Pets, family members, TV shows in the background, all of these are distractions that might make it challenging for students to focus. Communicate to parents and students to be mindful of these distractions and potential interruptions before your lessons. If possible, they should try and minimize them during the call so that they can get as much quality time with their instructor as possible.

Of course, as the instructor, the same advice goes for you. Ensure that you dedicate the full block of time to the student so they can continuously advance their skills.

4. Write Guides and Distribute Them to Students and Parents

"At 1 pm, can you join the Zoom call? I'll send you a link just before we start."

Many teachers make the mistake of verbally saying something like the above statement. Then, parents and students get busy, and 5 minutes before the meeting, the email link doesn't arrive, the student forgets, and the entire class falls apart quickly.

Take a few minutes to write up a guide! Make sure it includes essential details like:

  • What software to download.
  • How to join the call.
  • What is expected during a class.
  • What equipment is required.
  • How they can reach you if they have trouble connecting.
  • What they need to do if they need to reschedule.
  • What your policy is in case of technical difficulties.
  • Some tips for successful remote learning (like being free of interruptions and distractions).

Create a small guide to assist with participating in online classes and having a successful learning experience. By spelling things out, in writing, you can ensure there are no miscommunications and that everyone knows what to expect.

5. Provide Updates to Parents

If your students are young, you may wish to provide updates via email, text, online platforms or some other medium to the parents on how the student is progressing. One difference with being remote versus being in the studio is that you don't have the same chances to discuss progress with the child's guardians.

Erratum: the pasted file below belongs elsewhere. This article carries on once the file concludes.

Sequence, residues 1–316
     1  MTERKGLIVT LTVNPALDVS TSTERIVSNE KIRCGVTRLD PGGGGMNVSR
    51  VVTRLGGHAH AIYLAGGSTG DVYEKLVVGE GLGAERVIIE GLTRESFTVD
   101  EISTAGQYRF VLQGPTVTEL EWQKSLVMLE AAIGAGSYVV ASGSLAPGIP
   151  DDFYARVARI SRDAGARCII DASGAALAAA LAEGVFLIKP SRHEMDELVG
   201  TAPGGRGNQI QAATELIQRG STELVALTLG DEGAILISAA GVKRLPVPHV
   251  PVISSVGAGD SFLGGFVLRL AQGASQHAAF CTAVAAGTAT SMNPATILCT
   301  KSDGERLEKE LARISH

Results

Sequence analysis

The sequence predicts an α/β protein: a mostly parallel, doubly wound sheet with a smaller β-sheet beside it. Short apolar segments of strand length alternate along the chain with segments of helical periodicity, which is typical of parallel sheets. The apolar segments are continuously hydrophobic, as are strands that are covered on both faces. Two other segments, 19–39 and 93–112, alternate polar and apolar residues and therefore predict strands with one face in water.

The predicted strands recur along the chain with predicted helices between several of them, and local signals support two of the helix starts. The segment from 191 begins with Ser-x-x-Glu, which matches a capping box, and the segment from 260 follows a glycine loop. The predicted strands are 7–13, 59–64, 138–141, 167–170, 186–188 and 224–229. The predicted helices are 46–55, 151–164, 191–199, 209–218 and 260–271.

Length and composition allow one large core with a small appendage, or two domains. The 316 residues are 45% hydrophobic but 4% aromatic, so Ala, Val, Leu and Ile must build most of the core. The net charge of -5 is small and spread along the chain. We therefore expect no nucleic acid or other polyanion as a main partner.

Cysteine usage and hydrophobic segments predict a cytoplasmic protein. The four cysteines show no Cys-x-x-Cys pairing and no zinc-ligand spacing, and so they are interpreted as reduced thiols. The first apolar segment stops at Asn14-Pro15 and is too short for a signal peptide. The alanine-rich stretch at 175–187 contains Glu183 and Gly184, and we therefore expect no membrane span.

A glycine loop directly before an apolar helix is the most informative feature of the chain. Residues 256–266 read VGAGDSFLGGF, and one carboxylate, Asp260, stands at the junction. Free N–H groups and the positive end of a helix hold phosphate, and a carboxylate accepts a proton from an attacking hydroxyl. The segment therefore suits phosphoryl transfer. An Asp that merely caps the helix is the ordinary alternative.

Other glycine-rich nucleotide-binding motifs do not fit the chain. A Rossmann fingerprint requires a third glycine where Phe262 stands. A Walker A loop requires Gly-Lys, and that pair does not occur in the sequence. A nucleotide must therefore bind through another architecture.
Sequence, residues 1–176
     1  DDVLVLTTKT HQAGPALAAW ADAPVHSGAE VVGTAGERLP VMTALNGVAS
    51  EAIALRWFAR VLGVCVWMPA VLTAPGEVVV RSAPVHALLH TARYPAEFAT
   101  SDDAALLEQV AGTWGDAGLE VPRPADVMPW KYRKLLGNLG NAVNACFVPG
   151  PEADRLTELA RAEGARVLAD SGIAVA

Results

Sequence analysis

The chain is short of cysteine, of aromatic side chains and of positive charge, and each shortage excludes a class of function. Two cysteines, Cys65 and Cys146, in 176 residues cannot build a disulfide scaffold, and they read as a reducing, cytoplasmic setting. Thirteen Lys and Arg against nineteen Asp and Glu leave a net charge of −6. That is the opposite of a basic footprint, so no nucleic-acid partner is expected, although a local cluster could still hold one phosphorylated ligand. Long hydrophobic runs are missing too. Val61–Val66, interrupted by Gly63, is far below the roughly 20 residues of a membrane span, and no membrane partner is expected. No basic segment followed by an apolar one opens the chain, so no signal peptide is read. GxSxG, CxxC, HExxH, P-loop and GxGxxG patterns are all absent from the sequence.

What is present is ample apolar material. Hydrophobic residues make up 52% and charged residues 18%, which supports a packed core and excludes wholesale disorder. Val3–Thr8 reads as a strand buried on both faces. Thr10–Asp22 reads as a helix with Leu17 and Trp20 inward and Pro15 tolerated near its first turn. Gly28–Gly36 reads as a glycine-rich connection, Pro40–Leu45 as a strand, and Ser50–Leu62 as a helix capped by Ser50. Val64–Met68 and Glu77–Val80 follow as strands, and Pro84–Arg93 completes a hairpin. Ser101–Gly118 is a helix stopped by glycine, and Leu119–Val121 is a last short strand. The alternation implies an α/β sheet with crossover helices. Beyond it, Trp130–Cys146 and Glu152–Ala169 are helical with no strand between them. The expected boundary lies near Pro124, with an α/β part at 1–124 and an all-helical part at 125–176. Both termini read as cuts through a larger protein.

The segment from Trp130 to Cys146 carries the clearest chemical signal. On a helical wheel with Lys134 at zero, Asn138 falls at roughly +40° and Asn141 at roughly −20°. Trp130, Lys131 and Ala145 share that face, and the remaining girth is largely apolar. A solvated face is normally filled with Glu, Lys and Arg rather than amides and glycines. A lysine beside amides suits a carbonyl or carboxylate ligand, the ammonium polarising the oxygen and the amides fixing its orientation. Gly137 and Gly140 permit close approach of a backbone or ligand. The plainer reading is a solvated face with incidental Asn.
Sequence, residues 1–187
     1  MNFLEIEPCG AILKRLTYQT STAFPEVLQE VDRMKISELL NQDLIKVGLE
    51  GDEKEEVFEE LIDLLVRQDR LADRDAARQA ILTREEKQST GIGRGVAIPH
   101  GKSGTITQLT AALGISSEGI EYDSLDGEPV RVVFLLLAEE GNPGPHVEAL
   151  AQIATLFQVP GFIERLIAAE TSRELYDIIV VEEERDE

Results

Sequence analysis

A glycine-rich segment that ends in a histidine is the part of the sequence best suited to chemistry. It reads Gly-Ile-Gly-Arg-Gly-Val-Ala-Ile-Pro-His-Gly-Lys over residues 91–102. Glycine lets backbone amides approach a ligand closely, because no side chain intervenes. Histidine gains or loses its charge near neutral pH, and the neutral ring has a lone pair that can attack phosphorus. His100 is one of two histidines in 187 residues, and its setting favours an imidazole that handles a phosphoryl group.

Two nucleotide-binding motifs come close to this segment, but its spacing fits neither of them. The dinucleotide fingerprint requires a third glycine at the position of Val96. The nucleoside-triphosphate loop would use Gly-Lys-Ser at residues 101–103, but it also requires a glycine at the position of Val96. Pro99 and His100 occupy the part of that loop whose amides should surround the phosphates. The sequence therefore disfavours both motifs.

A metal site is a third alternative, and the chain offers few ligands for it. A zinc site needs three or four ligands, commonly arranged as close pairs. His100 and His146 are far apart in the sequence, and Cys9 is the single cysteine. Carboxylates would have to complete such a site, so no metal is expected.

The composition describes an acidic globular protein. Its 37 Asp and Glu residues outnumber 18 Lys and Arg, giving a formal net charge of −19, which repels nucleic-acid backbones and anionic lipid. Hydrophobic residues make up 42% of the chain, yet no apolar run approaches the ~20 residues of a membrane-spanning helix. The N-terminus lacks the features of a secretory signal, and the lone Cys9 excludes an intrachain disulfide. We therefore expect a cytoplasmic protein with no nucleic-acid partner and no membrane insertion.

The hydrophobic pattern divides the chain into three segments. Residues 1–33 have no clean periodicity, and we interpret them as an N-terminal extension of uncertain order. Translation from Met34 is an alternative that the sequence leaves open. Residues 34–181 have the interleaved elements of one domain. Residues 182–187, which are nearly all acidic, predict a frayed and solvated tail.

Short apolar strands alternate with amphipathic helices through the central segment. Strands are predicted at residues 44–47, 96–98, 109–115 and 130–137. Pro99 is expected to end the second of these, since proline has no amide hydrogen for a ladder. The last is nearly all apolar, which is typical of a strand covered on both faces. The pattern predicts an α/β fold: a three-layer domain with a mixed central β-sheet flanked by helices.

When children spend an hour, let's say, at the dance studio, they have confidence that their kids are learning. However, when you switch to online, many variables are more difficult to monitor and control. For instance, communicating with students individually during a class, providing updates to parents, dealing with distracted students, keeping the group of students focused and engaged and monitoring their progress.

By regularly communicating with parents with regular updates and asking them for feedback, you can help ensure that parents remain confident in your ability and you can gauge how your student is progressing. Let parents know you will be sending updates regularly and requesting their feedback.

Transitioning to Online Learning is Feasible

Although the steps above may seem like a lot of behind the scenes work, transitioning to online learning is doable. Many of the steps above revolve around the same theme: setting expectations. When you set the expectations right (what software you're using, when to join, what updates they'll receive, etc.), then you're setting your classes up for maximum success.

Remember, we all know what to expect when it comes to learning in the studio. None of us, though, have the same expertise in online training. We're all learning. By focusing on the steps above, you will help guide students and, if applicable, their parents so they can have a positive learning experience with you during these unprecedented times!